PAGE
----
I can’t say I’m sorry that May is over, because it’s been one of those months that’s felt eternal, not in any sort of ethereal sense, but in the sense of getting a tooth drilled at the dentist when the Novocain isn’t quite working, and that’s being kind, I think.
Most of the early part of May saw me struggling with weird and difficult to diagnose computer problems, while also battling insomnia and a bit of COVID-inspired existential crisis. The whole experience was pretty much a 0 of 10, strongly do not recommend.
The second half was a pretty substantial improvement, but it’s only been here, in the final week that I’ve started to feel like myself again, and like I am at all capable of maintaining a semblance of normalcy in a world off-kilter.
Crashing to Black Screen
I realize I never did get around to blogging about the resolution of my computer issues, probably because I was just so relieved to have them behind me.
Although my hardware definitely needed a good clean out, as it turned out, it was not a hardware problem. A couple of days into attempting to trouble shoot software issues, I discovered that the only games that crashed on me were games that used the Steam launcher, and they did so regardless of how much (or how little) else was actively running at the time.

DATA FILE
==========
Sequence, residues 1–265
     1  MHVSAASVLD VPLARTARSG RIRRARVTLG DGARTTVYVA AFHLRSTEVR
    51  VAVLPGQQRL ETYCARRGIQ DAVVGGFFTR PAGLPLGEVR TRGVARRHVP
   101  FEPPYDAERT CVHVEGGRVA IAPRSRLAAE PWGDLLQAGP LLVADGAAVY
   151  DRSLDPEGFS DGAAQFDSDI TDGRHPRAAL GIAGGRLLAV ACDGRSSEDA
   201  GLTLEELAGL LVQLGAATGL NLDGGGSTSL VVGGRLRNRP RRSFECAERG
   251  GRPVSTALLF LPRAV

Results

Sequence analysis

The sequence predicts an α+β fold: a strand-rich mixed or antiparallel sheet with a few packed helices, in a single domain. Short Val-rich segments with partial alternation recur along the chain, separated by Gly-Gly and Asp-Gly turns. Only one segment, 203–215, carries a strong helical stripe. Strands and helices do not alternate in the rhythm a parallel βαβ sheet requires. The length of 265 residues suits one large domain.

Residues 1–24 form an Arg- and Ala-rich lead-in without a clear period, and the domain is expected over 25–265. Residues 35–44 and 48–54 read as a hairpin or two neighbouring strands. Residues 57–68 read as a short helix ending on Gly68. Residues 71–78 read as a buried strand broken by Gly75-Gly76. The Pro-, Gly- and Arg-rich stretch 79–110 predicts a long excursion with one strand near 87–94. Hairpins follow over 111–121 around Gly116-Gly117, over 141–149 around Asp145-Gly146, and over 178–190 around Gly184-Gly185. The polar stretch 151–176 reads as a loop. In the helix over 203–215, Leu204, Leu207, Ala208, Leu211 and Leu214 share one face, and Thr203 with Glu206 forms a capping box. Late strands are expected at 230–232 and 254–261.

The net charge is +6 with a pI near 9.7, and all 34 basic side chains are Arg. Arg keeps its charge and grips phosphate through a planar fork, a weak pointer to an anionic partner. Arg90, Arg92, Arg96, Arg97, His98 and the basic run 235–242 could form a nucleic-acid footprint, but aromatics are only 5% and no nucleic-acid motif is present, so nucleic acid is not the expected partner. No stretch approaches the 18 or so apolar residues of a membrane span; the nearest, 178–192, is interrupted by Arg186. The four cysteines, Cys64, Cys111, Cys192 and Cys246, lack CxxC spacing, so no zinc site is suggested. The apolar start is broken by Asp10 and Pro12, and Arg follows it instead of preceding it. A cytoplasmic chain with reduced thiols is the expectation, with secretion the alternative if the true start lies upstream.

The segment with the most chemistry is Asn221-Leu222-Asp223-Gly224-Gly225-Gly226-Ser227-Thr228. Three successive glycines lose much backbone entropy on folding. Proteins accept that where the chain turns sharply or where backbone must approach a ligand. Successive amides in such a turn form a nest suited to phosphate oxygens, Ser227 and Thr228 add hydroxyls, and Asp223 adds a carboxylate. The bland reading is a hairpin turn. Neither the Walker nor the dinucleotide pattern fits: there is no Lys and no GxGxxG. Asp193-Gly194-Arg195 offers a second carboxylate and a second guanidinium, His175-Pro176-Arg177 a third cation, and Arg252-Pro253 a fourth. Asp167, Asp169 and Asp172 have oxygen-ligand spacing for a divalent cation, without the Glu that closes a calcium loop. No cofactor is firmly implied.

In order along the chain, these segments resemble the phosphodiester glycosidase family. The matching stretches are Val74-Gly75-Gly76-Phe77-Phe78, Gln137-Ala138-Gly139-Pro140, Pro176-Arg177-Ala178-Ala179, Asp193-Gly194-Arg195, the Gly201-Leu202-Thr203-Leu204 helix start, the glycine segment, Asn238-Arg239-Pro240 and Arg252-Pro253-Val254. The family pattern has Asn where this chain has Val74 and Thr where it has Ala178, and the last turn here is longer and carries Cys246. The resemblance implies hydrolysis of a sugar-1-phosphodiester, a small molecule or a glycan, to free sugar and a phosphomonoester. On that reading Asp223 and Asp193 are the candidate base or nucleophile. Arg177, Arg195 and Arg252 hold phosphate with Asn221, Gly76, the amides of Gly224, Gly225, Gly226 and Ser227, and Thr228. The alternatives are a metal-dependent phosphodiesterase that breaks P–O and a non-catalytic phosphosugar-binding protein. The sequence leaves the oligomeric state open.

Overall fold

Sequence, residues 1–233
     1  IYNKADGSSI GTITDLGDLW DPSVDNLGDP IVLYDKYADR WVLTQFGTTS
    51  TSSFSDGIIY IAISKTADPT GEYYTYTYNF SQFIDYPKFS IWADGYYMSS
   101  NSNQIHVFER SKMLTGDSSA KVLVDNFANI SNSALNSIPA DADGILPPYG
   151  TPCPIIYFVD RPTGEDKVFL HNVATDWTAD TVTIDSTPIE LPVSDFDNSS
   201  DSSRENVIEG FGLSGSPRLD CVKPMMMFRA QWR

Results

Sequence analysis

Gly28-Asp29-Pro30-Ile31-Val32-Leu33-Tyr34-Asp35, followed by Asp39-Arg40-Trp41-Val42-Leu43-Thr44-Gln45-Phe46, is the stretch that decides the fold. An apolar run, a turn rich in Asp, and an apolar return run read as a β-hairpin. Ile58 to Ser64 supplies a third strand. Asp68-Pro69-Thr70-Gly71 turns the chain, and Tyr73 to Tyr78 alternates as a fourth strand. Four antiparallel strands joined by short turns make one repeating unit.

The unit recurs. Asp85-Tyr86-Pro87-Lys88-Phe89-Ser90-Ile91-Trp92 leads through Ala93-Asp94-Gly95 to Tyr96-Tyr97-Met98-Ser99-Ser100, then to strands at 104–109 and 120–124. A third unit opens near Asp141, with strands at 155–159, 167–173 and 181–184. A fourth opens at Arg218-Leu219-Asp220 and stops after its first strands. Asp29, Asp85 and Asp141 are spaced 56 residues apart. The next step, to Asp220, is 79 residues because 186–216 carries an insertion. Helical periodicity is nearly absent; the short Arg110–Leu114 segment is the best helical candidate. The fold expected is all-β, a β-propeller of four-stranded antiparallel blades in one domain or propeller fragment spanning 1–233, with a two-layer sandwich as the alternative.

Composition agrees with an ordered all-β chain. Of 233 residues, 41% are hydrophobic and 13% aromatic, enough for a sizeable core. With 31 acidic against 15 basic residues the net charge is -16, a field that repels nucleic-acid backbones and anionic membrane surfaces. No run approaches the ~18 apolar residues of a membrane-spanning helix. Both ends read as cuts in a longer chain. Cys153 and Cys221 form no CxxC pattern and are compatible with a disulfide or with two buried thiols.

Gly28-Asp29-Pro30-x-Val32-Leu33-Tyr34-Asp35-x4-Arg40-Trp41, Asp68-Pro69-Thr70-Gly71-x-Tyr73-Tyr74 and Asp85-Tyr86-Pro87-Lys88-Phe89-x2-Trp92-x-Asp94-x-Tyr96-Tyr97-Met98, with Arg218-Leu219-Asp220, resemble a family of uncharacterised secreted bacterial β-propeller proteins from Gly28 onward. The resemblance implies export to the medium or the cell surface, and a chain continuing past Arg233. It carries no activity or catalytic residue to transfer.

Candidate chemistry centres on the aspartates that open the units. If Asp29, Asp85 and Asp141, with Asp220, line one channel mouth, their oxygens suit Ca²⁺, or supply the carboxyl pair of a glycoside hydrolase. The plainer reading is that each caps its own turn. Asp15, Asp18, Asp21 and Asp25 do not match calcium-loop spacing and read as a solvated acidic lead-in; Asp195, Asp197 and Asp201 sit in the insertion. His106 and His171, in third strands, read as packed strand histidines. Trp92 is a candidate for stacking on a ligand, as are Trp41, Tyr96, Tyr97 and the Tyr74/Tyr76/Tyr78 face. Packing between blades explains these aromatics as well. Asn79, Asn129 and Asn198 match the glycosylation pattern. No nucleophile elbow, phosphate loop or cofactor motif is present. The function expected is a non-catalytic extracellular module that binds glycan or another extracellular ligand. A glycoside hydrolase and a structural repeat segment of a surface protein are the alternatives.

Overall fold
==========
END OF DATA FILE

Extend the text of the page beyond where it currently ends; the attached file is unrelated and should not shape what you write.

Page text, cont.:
Now, I had recently installed Corel’s PaintShop Pro Ultimate, hoping it’d be an adequate replacement for Photoshop, since I had to let my Adobe subscription lapse. While muddling through background processes, I discovered it was constantly running a check to see if updates were available. Uninstalling the program completely cleared up 98% of the problems I was having, so I expect that something about that process and Steam couldn’t figure out how to get along when a game was actively running.
I’m okay with the money wasted on the program (purchased through Humble in a very reasonably priced bundle), and relieved that I did not have to replace significantly pricier hardware. However, this put me drastically behind in other things I wanted to accomplish this month.
With everything else going on, I almost forgot about the Community Game-A-Long this month. I was so very excited for Distortions, but it ultimately ended up disappointing.
With only a few days left of the month, I decided against starting another new-to-me game this month, and elected instead to play a few rounds of Chime Sharp to keep in the spirit of things.
Other PC Gaming